Dr Annie Hovsepian
Today, we feature Dr. Annie Hovsepian, MD.
Dr. Annie Hovsepian was born in Tehran, Iran and moved to USA when she was 10 years old. After finishing high school, she attended the University of California, Irvine and earned a degree in Biological Sciences. Then she attended St. Louis University Medical School and did her residency in Internal Medicine at University of California, Davis.
Location: United States
Occupation: Hospital Medicine, Oakland Medical Center
She then worked at Sutter Medical group briefly before joining Kaiser Permanente in Oakland in 2000. She worked at urgent care before joining the hospitalist group in 2001, where she has been for 19 years. Her duties include admissions from the Emergency Department, rounding on the hospitalized patients and recently in Pre-Operative Medicine Department as well as Bridge Clinic where patients are discharged. Her duties are diverse and keep her involved in all facets of patient care. Most importantly she works with talented, compassionate group of doctors. She shares that her colleagues feel like a second family and for that she feels truly blessed.
Q: What is your life philosophy?
My life philosophy changes as I grow and learn about myself and my environment but I hope that kindness is at the core of what I do not only as a provider but also as a parent, a daughter, a friend and a citizen of this world. Being kind and empathetic toward all is what I try to cultivate in my daily life sometimes with success and other times not.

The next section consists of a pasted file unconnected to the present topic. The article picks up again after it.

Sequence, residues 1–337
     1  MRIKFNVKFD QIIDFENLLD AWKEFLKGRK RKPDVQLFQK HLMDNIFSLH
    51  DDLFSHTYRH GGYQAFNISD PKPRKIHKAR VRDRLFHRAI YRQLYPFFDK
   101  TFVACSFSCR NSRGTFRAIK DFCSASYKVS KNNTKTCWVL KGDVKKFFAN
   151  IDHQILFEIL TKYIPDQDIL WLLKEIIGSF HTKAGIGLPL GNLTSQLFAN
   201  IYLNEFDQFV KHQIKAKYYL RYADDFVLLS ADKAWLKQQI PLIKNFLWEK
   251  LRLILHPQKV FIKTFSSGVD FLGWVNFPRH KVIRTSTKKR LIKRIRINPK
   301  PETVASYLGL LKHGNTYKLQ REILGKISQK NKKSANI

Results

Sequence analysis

Q: What is your hope for the future?
My hope for the future would be for mankind to be less materialistic. We live in such a consumerist world. I wish we could connect with each other in real and authentic ways that has less to do with chasing money and more to do with being a good human being. I think being in lock-down has shed some light on this as we remember what is important like family and health and happiness.
Q: What is your favorite thing about being Armenian?
My Armenian heritage has enriched me in so many ways. I feel very privileged in having an Armenian identity. I have traveled to Armenia twice and want to return. I love the culture: the music, dance, and art of Armenia. I love the landscape and its people. My son and daughter attended Armenian elementary and middle school and through them I also came to appreciate Armenian history and relevant social topics.
Q: Deepest gratitude to you and all the Healthcare HEROS, what thoughts to you have on our current global pandemic?
As a hospitalist, I have been taking care of COVID positive patients. We are fortunate that we don’t have too many patients afflicted with coronavirus. I remember when the Princess Cruise ship first docked at Oakland harbor and we received patients from the cruise. At the time, we really didn’t know what we were dealing with, but as time has gone by, we, as an institution feel more confident in taking care of patients. We work closely with our infectious disease as well as ICU staff and together have implemented workflows as how to best take care of these patients. Our collaboration has been invaluable not only in offering the best care for our patients but also in working together as a team. I am happy to report that although it is stressful, our morale is high and camaraderie at its peak. We have had many successful discharges home.
Being an Armenian female doctor in these unprecedented times has made me appreciate my work, my patients and my colleagues. It has brought out my vulnerabilities in such a way that I hope will make me a better doctor and a human being in the future. We are truly in this together.
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